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2021 2022 2023


Why proactivity became the norm in third-party management

The ever-increasing technologisation of our world makes it impossible for companies and organisations to assure their cybersecurity without involving their partners or suppliers. Third-party risk management has become the proactive starting point of an elaborate cybersecurity strategy. “In fact, it is now a basic requirement to protect your organisation,” says Swift’s chief security officer Debbie Janeczek.

Debbie Janeczek

Chief Security Officer at Swift

Our contemporary business environment and, by extension, entire society face several technological challenges. Since the COVID pandemic, the digital transformation has accelerated, which also raises new security concerns. After all, virtually every company and organisation uses a multitude of technology products or services from both large technology players such as Microsoft or SAP, and service providers for a particular sector. 

Larger attack surface  

This context obviously involves major implications for the cybersecurity of these organisations. “Companies spend a lot of time securing their own data, but then interact with others, distributing some of that data to service providers or third parties. By increasing the attack surface, this also increases the risk of cyberattacks,” states Debbie Janeczek. She is Chief Security Officer at Swift, an international banking cooperative providing services related to the execution of financial transactions and payments  worldwide. “It is evident in actuality. For example, third-party breaches at large companies have continued to increase, and are commonly acknowledged to be a problem in the industry." 

Coupled with the reality that cybercrime is now an industry in itself, driven by economic motives, it comes as no surprise that third-party risk management has become a constituent part of a cybersecurity strategy. “In practice, you will notice that this is a starting point when devising cybersecurity policies. Today, for instance, potential partners extensively question one another on cybersecurity, before engaging with each other. The questionnaires are increasingly robust.”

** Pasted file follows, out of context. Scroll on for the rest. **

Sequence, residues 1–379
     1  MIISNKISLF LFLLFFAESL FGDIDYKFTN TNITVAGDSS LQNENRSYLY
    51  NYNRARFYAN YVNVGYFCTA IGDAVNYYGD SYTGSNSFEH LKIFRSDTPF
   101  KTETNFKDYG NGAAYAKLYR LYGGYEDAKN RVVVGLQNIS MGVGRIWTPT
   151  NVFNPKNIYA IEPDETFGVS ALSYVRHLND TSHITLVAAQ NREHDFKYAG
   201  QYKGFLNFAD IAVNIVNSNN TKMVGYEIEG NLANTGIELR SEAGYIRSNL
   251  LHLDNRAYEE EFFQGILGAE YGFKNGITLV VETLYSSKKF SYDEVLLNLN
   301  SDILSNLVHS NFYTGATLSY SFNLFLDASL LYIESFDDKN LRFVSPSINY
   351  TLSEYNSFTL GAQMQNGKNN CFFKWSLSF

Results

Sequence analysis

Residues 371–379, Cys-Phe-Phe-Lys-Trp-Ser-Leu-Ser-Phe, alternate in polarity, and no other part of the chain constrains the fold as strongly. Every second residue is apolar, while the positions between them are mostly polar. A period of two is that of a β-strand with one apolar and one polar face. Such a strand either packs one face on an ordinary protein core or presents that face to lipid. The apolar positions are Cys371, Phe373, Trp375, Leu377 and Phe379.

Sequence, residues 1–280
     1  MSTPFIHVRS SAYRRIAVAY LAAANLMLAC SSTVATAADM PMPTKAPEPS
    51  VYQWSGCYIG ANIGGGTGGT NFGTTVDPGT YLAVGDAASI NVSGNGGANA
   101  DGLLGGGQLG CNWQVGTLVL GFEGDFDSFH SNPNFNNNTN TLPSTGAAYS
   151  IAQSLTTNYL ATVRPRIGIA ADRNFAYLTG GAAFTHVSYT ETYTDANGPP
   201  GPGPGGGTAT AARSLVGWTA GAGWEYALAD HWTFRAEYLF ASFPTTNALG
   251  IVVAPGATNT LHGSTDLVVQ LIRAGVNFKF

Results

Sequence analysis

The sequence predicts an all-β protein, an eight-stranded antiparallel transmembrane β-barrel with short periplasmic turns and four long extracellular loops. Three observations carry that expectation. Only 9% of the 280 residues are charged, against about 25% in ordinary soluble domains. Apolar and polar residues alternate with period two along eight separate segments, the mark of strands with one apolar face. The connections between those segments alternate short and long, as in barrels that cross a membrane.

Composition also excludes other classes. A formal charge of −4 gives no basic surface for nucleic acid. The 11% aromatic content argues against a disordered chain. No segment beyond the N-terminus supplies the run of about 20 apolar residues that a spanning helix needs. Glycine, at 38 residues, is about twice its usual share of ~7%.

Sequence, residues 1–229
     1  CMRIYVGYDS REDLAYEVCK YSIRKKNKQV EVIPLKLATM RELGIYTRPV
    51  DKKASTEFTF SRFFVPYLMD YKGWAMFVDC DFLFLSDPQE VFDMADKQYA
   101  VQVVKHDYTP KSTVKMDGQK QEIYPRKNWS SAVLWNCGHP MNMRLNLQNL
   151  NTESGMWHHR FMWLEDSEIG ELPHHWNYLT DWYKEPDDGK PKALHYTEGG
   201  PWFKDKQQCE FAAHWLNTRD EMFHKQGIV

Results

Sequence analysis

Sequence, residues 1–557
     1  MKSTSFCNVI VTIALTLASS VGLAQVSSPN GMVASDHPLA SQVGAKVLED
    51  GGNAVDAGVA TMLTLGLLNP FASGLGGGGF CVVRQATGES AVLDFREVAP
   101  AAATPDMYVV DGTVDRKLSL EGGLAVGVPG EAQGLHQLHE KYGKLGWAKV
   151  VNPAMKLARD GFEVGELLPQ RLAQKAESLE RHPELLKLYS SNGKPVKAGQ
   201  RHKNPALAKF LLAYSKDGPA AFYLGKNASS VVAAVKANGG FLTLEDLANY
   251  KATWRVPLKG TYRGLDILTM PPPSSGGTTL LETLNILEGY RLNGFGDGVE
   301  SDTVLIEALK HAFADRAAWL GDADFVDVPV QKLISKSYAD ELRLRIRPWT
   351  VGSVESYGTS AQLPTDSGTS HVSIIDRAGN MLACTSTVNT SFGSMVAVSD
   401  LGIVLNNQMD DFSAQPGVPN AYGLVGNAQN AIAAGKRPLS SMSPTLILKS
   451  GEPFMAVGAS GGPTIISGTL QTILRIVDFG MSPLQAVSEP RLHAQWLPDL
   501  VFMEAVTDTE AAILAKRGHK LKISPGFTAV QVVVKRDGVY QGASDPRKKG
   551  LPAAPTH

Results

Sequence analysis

This increase in maturity can also be extended to the handling of vendors and to the internal operations of large companies, which are progressively operating to set standards when considering possible collaborations with third parties. “In summary, this evolution should mainly be understood as a shift from reactive to proactive policies in terms of dealing with third parties within cybersecurity. In fact, it has become a basic requirement for anyone who wants to do business. The financial sector, which historically has been at the forefront of technology, has played a leading role in this shift,” clarifies Janeczek, who immediately stresses that this approach can only exist in a world where there is a constant focus on knowledge sharing and collaboration. 

Embracing new technologies  

The trend is by no means new. “It is fundamentally different from AI, which has taken the world by storm in 2023, and currently occupies the entire cybersecurity sector. The latter, however, also offers clear opportunities around third-party risks. Thus, in the future, it cannot be ruled out that AI could be used structurally as a means of third-party management.” 

For Debbie Janeczek, this structural embrace of new technologies is no less than a minimum requirement for the future. Only by doing so, will we be able to keep up with the increasingly complex security challenges: “The further developments around quantum computing are tantamount to the arrival of a totally new reality, once again requiring us to completely rethink security and cyber risks. Conversations on the subject are already in full swing and will only increase,” she concludes.